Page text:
AI is becoming ubiquitous across enterprise software

While enterprises are viewing AI as the new imperative, increasingly, it is becoming a fact of life across the tools and applications that they are already using.
Written by Tony Baer (dbInsight), Contributor

This week at IBM Think, it will be difficult if not impossible to avoid the glare of artificial intelligence. With Watson, IBM has bet its reboot on AI. And with attention has come market pressure to make AI more accessible. We posted several months back about how cloud services are emerging to make machine learning accessible to non-experts. IBM has just joined the fray with Cloud Private for Data. We'll be collecting our thoughts from IBM Think later this week.

The high readership that we garnered from last week's post on the urgency for paying attention to the "soft" people and process side of AI reflects the fact that enterprises view it as the new imperative - they believe that they need the benefits of AI, not just for competitive differentiation, but survival.

The good news is that, in many cases, enterprises are already profiting from "smart" applications or tools that are already incorporating machine learning beneath the hood. They can benefit from AI without having to create, train, and run the models themselves. AI is becoming just as much a fact of life in enterprise software as it already is in the mass market consumer services where we already take next-best offers and automated recommendations for granted.

Exhibit A includes the applications that already run the heartbeat of the enterprise. AI is a core part of Salesforce.com's future, where it positions Einstein as "AI for everyone." AI is also core to Oracle's and SAP's next generation applications. The results are intended to adapt how an organization operates or interacts with customers.

For Salesforce customers, it will be about discovering insights about the customer to predict future behavior and tailor next-best actions. And that's just the tip of the iceberg.

SAP and Oracle are initially training their gazes on the back office. For SAP, it will be about optimizing tasks such as automatically pairing invoices with incoming payments or predicting the dynamics of contract renewals ahead of time. For Oracle, AI could help optimize supplier terms, rethink supply chain management by making it more adaptive and dynamic, or connect root cause analysis on the shop floor to preventive manufacturing disruptions. These examples just skim the surface of how AI could enhance the back office, as indicated by an active crop of start-ups.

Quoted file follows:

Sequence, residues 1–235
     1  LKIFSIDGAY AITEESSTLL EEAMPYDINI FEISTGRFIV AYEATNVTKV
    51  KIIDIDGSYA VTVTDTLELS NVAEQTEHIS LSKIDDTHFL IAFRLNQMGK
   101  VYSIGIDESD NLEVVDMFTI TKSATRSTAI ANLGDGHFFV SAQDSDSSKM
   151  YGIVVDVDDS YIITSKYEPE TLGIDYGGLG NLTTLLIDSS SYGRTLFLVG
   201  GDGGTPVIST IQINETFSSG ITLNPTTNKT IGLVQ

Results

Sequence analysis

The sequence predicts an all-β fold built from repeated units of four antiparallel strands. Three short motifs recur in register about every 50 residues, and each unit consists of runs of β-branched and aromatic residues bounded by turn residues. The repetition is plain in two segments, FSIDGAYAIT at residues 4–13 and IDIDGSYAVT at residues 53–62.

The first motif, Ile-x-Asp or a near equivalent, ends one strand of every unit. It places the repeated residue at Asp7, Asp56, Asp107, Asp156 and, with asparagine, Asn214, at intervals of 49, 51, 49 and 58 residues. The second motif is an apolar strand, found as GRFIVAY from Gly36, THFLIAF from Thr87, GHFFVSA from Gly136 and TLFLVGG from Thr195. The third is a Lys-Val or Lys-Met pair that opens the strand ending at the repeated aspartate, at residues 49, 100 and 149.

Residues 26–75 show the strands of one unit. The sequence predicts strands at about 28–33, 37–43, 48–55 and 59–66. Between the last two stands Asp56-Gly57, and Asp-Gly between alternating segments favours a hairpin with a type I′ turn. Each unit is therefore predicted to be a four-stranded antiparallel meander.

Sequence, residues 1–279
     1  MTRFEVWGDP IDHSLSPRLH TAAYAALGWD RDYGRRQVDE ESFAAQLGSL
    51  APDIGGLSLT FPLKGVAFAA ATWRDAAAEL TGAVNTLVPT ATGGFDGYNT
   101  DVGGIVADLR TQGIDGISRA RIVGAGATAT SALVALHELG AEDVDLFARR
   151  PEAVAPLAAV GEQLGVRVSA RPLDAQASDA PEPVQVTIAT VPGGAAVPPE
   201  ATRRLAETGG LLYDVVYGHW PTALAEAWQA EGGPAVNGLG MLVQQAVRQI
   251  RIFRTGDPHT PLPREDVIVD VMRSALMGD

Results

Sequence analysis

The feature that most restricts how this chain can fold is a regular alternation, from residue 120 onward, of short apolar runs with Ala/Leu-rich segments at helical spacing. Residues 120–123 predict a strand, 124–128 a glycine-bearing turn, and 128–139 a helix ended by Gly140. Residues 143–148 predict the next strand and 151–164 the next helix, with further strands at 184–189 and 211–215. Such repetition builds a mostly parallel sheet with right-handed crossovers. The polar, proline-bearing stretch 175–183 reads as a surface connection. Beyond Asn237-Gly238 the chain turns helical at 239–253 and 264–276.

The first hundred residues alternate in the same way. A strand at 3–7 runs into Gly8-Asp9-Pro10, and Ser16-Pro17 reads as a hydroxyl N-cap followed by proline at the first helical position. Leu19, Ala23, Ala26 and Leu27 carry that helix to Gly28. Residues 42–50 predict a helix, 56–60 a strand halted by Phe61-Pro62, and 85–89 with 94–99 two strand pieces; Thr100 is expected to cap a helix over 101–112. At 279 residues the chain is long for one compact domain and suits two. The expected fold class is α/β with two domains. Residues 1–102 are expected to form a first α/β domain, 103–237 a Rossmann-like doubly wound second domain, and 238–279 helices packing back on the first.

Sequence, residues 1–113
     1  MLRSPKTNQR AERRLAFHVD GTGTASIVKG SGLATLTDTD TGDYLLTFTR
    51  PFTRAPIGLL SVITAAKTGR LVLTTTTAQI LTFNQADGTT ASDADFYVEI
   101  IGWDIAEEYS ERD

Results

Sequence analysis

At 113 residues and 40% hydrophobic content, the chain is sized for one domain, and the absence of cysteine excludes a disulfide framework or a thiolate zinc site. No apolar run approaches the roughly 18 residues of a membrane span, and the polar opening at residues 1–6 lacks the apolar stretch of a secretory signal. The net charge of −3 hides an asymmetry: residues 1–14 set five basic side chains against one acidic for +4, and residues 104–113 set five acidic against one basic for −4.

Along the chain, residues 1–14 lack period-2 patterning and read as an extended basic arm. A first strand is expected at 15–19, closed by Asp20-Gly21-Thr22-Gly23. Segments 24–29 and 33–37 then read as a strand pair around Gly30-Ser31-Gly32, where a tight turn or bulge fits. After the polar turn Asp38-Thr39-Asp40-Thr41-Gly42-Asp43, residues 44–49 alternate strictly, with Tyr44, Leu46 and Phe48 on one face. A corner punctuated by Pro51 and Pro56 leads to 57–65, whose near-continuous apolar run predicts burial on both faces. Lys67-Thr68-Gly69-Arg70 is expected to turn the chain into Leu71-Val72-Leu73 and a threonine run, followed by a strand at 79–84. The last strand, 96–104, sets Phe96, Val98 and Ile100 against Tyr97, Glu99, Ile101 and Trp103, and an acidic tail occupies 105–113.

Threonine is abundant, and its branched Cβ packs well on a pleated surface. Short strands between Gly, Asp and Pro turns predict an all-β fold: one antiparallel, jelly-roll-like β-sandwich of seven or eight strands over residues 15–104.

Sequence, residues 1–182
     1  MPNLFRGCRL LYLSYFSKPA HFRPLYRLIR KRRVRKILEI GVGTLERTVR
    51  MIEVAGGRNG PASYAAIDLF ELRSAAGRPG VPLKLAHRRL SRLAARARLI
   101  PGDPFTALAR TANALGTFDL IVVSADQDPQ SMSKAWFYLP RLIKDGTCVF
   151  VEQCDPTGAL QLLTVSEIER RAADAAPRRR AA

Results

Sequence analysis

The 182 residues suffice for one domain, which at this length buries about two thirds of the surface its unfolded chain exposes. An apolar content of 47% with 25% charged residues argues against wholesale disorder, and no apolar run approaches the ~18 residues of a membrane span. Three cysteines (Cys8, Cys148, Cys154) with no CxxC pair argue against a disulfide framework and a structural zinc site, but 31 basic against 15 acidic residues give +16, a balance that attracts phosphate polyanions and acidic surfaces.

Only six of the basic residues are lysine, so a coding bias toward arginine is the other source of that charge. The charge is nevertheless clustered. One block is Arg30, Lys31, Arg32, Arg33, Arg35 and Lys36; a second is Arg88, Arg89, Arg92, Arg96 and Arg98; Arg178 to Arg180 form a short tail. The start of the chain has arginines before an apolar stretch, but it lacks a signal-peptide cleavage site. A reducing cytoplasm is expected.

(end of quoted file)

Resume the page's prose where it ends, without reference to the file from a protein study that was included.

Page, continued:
BI tools are getting similar smart assists. Offerings like Amazon QuickSight and IBM Watson Analytics are using machine learning to provide a guided analytics experience that helps the user discover notable patterns in the data, ask the right questions, and automate the building of narratives through a natural language interface. Tableau has similar aspirations; unlike Amazon and IBM, for now its AI plans are a works in progress. But the next generation of Tableau will guide the user with recommendations based on the user's pattern of queries (akin to suggested offers on e-commerce sites), provide a natural language interface, automate changes to the data model, and offer automated discovery of hidden insights.

Data lakes provide another attractive target for harnessing machine learning. The sheer scale of data lakes compared to traditional data warehouses practically mandates some form of smart assistance; humans cannot simply scale to the task of cleansing or organizing terabytes of data. We recall at an old Strata conference a few years back Turing award winner Dr. Michael Stonebraker making the point that, when you try managing more than a handful of data sets, manual approaches run out of gas and machine learning must come in to help.

Not surprisingly, Machine learning has practically become table stakes for data preparation tools. For instance, Trifacta learns from the data and from how the user interacts with the data. Data catalogs have become popular jumping off points for organizations to find data residing in their data lakes; for instance, Alation harnesses machine learning as a complement to crowdsourcing, harvesting metadata and detecting common patterns for forming SQL queries. Unifi incorporates machine learning for recommending joins based on detection of common keys across multiple data sets, as part of its remit for profiling, preparing, and cataloging data.

A new entrant, Io-Tahoe, is also letting machine learning loose on a data catalog. But this catalog is aimed more at regulatory compliance, as it's (literally) trained on the type of personally identifiable information (PII) data that is becoming subject to privacy mandates such as GDPR, PCI, and HIPAA. Its tooling, being announced for general release today, is essentially an AI-driven sleuth for sensitive data. It starts, but doesn't end with crawling available metadata. That's the low-hanging fruit. Beyond that, Io-Tahoe's tool analyzes primary and foreign key relationships that may not be documented but are implied by data flows to validate to link common (and redundant) entities -- that's where the machine learning comes in.

Here's the common thread. As enterprises are actively seeking ways to ingrain AI into how they conduct business, the enterprise applications and tools that they are already rely on are, or will soon be, incorporating it for them.

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